“That’s not true—not entirely.”
“I have something for you,” Marceline said as she opened her satchel. “Something that was taken from you ages ago. Something that your detractors would find quite enticing.”
“Now I’m intrigued,” he said amused.
Marceline reached in and pulled out a large, red, bound book. Marceline held the book in her hands. Ulfric froze as he saw the writing on the cover.
“This could have bought my husband’s freedom,” she said softly, before handing the book over to the jarl.
Gently, he took the bound dossier out of her hands. They were silent for a time as he skimmed over the book’s content. Twice she saw him grimace before closing it tightly. “You will use it as leverage; you bloody mer—to blackmail my appearance at this treaty!”
“No!” Marceline shouted as her eyes flashed hotly. “I will give it you now as a leap of faith, Ulfric Stormcloak. Faith that you will see reason and be the man who was meant to lead a people!”
He said nothing for a time as he stared into the hearth’s fire. Finally he spoke. “How did you come across this, courtesan?”
“I ransacked Elewen’s Solar. It was written in her hand, and I knew it to be valuable.”
“Then you’ve read it?” he asked, his voice scarcely masking his terror.
“Of course I did,” she uttered softly. Marceline saw the jarl’s eyes flash in desperation. She knew that he was contemplating her demise. “Do not attempt that, Ulfric,” she advised calmly. “Where as you can Shout down a man, I can Shout down a dragon. We both know who has the upper hand here.”
Ulfric turned away from Marceline, as he held the book tightly against his breast. Suddenly he dropped to his knees and shouted—not the kind of shout that brings down a beast, but kind that springs from the depths of a tormented man’s aching soul.
The deafening sound from this shout sent his guards and Galmar rushing forth. “Leave us!” Ulfric roared before tearing the dossier asunder and committing the damning pages to the flames. The jarl and the courtesan watched in silence as the book served as kindling for the two heated pillars beside his throne.
Finally, as the last pages turned to ash, Ulfric turned to Marceline, his steel-blue eyes both red and glassy. “We will leave on the morrow for High Hrothgar—be ready. Now kindly remove yourself from my sight.”
From the crowded stables of Ivarstead, Marceline saw him. She watched as a small group of mages led Ondolemar into a small, covered carriage that was surrounded by a contingent of well-armed Thalmor soldiers. He looked up and for the first time since they had parted in Whiterun, Ondolemar and Marceline’s eyes met. This time she knew, without a doubt that it was him, her beloved. He held her gaze for what felt like an eternity before eternity was shattered by a gruff voice and brutal shove from his captors forcing him back into the coach. The guards peered at Marceline and her band of Companions; in second’s time the entire core altered their stance, ready to do battle.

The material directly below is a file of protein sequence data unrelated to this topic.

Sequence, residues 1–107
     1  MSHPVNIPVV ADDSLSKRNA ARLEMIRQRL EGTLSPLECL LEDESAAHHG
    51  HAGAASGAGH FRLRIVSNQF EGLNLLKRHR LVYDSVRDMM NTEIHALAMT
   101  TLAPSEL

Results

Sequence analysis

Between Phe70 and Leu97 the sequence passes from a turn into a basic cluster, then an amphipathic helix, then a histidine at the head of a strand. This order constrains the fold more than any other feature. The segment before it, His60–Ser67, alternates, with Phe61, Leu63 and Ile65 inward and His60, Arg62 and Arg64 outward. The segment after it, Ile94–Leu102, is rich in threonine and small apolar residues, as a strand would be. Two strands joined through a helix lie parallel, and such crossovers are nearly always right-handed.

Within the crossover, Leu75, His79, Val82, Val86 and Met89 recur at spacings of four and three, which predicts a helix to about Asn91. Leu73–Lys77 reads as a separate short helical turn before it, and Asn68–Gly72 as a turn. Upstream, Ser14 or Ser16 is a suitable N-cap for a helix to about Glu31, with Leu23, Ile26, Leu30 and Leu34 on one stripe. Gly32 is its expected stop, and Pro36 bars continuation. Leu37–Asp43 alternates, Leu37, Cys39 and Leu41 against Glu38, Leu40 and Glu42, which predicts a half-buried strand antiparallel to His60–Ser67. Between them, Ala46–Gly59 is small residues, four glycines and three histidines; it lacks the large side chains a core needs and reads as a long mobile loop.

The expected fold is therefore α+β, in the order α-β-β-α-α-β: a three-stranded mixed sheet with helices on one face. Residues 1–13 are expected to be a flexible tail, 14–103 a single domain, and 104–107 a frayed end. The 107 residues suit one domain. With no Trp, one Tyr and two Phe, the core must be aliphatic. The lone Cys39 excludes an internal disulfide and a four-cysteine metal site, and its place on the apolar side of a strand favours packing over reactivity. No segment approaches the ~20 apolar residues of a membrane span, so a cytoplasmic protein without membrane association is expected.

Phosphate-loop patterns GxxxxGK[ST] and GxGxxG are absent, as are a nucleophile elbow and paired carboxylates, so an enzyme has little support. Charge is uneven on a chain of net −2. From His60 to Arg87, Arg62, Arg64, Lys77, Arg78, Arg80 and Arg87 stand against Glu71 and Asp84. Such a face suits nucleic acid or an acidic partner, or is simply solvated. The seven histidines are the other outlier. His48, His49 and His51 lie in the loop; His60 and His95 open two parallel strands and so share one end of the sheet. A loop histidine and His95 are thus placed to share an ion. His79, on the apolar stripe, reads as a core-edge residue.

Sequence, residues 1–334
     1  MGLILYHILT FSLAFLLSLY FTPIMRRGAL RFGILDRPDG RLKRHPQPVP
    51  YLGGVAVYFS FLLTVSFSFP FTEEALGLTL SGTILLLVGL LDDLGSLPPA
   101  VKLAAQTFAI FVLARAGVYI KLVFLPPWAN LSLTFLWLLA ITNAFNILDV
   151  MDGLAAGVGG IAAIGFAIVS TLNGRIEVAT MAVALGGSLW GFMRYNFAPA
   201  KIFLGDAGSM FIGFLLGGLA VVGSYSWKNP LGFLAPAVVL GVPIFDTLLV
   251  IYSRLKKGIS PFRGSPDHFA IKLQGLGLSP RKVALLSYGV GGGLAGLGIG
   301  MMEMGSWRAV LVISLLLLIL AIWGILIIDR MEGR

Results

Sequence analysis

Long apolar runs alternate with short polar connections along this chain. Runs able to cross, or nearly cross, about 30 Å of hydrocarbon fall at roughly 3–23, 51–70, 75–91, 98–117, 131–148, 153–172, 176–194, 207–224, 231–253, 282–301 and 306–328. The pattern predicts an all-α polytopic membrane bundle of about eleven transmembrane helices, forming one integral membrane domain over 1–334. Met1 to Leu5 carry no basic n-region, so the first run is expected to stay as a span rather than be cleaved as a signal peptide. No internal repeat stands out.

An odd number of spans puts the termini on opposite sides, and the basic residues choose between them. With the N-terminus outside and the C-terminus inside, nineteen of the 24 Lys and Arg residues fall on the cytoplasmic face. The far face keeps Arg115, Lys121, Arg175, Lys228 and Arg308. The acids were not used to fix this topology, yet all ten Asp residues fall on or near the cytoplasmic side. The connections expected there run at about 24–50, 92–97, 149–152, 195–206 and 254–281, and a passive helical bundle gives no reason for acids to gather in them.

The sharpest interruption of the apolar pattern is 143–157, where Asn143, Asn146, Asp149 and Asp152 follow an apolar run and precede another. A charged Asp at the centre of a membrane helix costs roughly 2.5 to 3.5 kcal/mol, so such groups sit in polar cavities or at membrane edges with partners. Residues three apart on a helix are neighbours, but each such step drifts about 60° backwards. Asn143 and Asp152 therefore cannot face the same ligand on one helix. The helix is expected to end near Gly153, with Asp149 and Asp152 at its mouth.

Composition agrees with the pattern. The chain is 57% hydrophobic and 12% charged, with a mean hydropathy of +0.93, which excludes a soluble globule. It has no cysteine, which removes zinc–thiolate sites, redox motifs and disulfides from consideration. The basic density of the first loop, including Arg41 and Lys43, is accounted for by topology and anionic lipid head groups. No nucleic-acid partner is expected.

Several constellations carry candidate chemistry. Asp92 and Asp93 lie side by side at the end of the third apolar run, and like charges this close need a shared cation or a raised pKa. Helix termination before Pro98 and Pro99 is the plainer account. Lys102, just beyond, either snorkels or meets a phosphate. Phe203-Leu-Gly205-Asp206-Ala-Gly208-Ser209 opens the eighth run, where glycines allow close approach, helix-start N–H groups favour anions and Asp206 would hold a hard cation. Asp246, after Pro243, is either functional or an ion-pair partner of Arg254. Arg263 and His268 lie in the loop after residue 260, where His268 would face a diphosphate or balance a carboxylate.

As Marceline stared blankly at the carriage, barraged by a thousand racing thoughts she felt her lips moving as she tried to formulate a plan. She jumped as she felt a hand on her shoulder.
“There’s too many of them, Marcy,” Dres said in a hushed voice. “Besides, the one you want to speak to has already started up the stairs.”
“Then we should go too,” she said as she and her companions—now down to Aela and Dres as Athis and Ria had departed from Windhelm after Ulfric’s ascent to participate in the negotiations— began their climb up the Seven Thousand Steps. Marceline had always hated the climb and this time the journey was far more difficult. By the time she reached the summit, she was thoroughly out of breath. She sat down on a rock overlooking the cliff.
“Bloody monks and their feckin monasteries,” Dres moaned as he plopped down beside her.
“Yeah, a pox on them and their need for repose,” Aela giggled as she sat down beside him. They all sat in silence until Marceline groaned heavily.
“Bloody hell,” she muttered.
“What?” Dres asked, before observing the pair of Blades approaching them. “Oh.”
“Dragonborn, it’s been sometime since we’ve seen you,” Delphine said.
Marceline nodded to her, before turning to Delphine’s ever-present companion. “It’s good to see you Esbern. How may I help you?”
“This is a private matter and we’d like to have a word alone,” Esbern stated nervously.
“Esbern, I am exhausted and I need to rest before all this begins. And with all due respect, anything you say to me can be said to them.”
“Fine, have it your way Dragonborn,” Delphine grunted. “We have discovered that the Greybeards are harboring a dragon.”
“No shit, Delphine. He’s their feckin' leader. What of it?” Marceline shrugged.
“What of it?” Delphine hissed. “How could you possibly ask that? He’s a dragon, he’s killed--”
“He’s killed no one in hundreds of years and he’s been a great help to me.”
“He needs to die. He deserves to die—he’s one of them!” Delphine shouted. “And it falls to you to kill him—”
“Stop,” Marceline snapped. “Just stop right there. Delphine, I’d see you impaled upon those jagged cliffs below before I’d ever let any harm come to that beautiful beast.”
“Then we have nothing further to say, Dragonborn, as we would dishonor our oaths as Blades if we continued to help you."
“Really?” Marceline asked gleefully. This was the best news she’d heard all day.
“She doesn’t need you; she got us,” Dres said simply, as Aela nodded in agreement. Delphine shook her head in disgust, and then stalked off as Esbern trailed behind her.